Sunday, March 4, 2018


My first post for Oscar Watch this year.

Every year I try to watch all (or at least as many as I can, it depends on what is showing) the nominated films prior to The Academy Awards to help me work out who I want to win and who will indeed win, quite often two very different trains of thought.

To be honest after last years Best Picture debacle and other issues surrounding the awards, I have wondered whether my time doing this was over, and yet here I am scheduling as many of these films into my spare time as I I guess not.

The Post
I read Katharine Graham's autobiography about 20 years ago and it really stuck with me. A remarkable woman, a feminist, so incredibly strong after so much tragedy. I loved her feistiness and sensibilities.

So I was thrilled to hear a movie about her time with The Post was to be made with none other than Meryl Streep playing her. I was not surprised, no one else could attempt to pull this woman off but Meryl, and I truly believe she has done a superb job interpreting this amazing woman.

I was disappointed the movie did not tell us more about Graham's background, rather than alluding to it. Her father passed on the ownership and running of The Post to Graham's husband who eventually commited suicide and Graham had to take over. This was the early 60s and quite unheard of, but she was formidable, knew her stuff, and made history.

The movie is about the first piece of political rumblings, The Pentagon Papers, and her relationship with Ben Bradlee (Tom Hanks), and the stunts they pulled to expose this. Of course this led to even more political rumblings with Watergate. Giving The Post an almost untouchable reach.

The movie runs, very similiarly to All The President's Men or even Spotlight, and is very engaging. You are on the edge of your seat, despite knowing the outcomes and are rooting for Graham and her team against the politics of the day. This was an era when the news was believable and honest and true.

This is a solid film, that could have done with more of Graham's history, but even so, is very worth seeing. Streep is sublime.

Darkest Hour
Without a shadow of a doubt, Gary Oldman will win Best Actor for this remarkable turn as Winston Churchill.

Darkest Hour is a political/war biopic about Winston Churchill in that first part of the war. It is certainly more a political drama set on the backdrop of war. I found it fascinating. I always thought Churchill was in power when WW2 hit, but indeed he was not, and was voted in after Neville Chamberlain, the sitting PM, was forced out of the chair. 

Initially, Churchill was not that well taken, especially by the public, but he soon showed his skills as an extraordinary orator, won over the public and his peers, and guided the UK in overturning Hitler. Huge things indeed!

So the first half, whilst interesting, was a little slow in parts. Once Churchill hit his stride and commenced these outstanding speeches, Oldman also hit his stride. Absolutely charismatic and compelling.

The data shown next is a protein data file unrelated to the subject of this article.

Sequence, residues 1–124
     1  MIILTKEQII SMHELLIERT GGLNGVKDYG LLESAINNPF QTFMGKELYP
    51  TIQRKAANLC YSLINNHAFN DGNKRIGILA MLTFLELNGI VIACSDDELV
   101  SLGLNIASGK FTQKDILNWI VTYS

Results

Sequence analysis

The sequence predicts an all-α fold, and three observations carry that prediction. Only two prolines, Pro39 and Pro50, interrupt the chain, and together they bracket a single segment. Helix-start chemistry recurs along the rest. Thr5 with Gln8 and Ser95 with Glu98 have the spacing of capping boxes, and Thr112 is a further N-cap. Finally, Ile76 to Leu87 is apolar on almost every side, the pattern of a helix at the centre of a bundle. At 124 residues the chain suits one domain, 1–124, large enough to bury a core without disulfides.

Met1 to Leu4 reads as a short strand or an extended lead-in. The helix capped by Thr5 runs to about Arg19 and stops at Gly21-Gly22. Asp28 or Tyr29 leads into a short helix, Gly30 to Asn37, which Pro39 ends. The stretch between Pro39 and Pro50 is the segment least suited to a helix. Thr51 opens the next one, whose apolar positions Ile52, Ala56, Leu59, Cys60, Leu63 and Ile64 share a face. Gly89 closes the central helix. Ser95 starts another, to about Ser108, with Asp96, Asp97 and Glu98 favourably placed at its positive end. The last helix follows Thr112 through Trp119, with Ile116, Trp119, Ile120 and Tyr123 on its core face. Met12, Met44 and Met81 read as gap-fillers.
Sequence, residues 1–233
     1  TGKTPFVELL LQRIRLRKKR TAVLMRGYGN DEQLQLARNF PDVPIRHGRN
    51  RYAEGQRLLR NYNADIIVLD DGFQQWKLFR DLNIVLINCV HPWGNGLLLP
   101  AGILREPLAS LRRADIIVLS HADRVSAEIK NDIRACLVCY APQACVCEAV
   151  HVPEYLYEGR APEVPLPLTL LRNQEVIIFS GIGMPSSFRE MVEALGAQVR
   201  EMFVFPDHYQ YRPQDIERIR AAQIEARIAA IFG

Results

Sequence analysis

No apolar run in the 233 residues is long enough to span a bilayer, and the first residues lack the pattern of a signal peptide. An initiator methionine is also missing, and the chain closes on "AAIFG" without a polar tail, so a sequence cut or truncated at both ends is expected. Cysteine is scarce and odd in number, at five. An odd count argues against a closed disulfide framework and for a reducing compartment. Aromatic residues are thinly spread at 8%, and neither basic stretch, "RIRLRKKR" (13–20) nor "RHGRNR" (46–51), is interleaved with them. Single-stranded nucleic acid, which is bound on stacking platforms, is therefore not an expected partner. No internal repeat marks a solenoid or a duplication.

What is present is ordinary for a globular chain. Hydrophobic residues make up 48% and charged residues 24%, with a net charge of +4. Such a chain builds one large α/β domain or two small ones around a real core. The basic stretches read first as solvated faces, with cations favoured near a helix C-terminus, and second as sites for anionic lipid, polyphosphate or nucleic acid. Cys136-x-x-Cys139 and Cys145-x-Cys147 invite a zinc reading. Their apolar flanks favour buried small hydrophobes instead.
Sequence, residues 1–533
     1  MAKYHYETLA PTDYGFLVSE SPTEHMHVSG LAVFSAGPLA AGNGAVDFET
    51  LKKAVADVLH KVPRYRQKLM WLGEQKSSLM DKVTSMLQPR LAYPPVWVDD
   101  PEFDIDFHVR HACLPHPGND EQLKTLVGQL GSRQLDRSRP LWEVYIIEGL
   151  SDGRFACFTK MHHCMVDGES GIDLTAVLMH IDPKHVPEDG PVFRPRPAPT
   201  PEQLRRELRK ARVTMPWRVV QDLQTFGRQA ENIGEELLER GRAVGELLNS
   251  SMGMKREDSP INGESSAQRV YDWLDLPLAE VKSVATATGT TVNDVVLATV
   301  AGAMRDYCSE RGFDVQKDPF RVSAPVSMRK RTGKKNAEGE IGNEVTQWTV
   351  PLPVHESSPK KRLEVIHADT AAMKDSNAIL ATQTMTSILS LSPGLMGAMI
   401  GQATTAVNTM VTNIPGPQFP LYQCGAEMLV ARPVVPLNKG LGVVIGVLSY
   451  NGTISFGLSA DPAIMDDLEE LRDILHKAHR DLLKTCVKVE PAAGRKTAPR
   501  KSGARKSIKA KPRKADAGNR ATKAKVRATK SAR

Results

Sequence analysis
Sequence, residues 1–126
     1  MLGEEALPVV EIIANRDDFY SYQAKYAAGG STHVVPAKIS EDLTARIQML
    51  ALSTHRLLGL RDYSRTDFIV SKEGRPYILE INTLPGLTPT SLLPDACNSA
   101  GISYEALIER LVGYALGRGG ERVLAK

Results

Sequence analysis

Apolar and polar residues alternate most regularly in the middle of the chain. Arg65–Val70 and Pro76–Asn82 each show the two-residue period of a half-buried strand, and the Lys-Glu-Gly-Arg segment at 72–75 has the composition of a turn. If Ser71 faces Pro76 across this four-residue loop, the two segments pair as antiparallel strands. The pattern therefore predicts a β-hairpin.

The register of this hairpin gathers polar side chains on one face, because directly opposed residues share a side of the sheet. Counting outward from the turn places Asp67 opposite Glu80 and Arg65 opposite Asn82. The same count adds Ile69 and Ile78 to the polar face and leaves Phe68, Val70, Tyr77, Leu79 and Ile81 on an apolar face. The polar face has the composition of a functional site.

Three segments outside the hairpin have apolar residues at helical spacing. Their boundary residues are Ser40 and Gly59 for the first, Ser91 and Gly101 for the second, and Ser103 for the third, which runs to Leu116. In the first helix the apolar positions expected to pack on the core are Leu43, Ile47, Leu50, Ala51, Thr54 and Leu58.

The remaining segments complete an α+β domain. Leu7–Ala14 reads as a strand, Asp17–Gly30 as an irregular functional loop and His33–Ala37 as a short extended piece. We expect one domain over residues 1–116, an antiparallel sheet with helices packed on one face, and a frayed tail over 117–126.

You'd never know it was Oldman by glancing, occasionally, you got a hint from the twinkle in his eyes. To be able to pull off such outstanding acting under so much disguise and make up is remarkable. This is a tour de force to be seen.

I, Tonya

Wow, this movie really had me entranced. I am the same age as Tonya Harding, and was quite the ice skating fan at the time of this piece. So I remember the incident well, or so I thought. Time does funny things to memory, and herein is the lesson for this film. I believe it tells more the truth than we knew back then, however I still think they were a little loose with the truth.

Either way, this is a compelling and thoroughly entertaining film. Margot Robbie is sensational as Tonya, and Allison Janney jaw droppingly awful and yet mesmerising as Tonya's abusive mother. Just give CJ the golden boy now!

The films tracks Tonya's childhood, and rise on the ice skating scene. As a girl from the wrong side of the tracks, she had to rely on talent and talent she had, a born natural, but without the grace of others. And yet, she rose to the top of the heap, with only Nancy Kerrigan in her sights. This is when her dopey abusive husband and his even dopier mate decide to fix the odds a bit. Things get out of hand and you know the story.

The film shows Tonya's side of things, and I am still in many minds about what is what. However, she did have an awful life and she was extraordinarily talented. A crazy mix way back then.

This is such a well made and well acted film, the story discrepancy does kinda disappear whilst you are watching it. I was caught right up in things, the sound track was great too.

I, Tonya is a great romp, funny and entertaining, but at times smacks you when you don't expect it and it leaves you winded and scratching your head and you will think about this movie for days, weeks to come.

The Big Sick

I loved this little gem of a film, based on the true story of how the writers met. Kumail Namjiani (Portlandia and Silicon Valley) plays himself with Zoe Kazan playing his now wife Emily.

Kumail and Emily date, but it doesn't quite work out, and when Kumail finds out Emily has fallen ill, he rushes to her side and remains, meeting her parents (Holly Hunter and Ray Romano - both outstanding) and not leaving much of an impression on them.

This is a mix of humour (it is very funny in parts) and drama and pathos, and beautifully written and presented. I didn't know what to expect when I went into this film, but walked out feeling great. It is an uplifting story, and is nice to see it represented in the writing category.

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